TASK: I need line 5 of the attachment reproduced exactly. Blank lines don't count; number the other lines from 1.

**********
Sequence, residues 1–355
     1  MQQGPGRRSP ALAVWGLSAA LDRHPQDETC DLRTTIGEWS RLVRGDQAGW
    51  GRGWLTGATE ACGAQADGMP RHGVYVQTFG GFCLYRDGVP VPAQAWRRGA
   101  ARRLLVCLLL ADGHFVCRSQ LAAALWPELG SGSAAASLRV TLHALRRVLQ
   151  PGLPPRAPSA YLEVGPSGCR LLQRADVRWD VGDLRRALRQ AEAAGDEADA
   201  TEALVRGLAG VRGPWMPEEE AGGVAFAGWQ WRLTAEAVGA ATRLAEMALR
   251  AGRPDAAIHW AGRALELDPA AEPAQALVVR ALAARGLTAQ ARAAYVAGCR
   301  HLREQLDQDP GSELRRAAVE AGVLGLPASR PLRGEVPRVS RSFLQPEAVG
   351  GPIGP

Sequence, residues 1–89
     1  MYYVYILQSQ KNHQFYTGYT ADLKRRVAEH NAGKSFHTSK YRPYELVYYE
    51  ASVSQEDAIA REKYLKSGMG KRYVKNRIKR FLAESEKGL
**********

   151  PGLPPRAPSA YLEVGPSGCR LLQRADVRWD VGDLRRALRQ AEAAGDEADA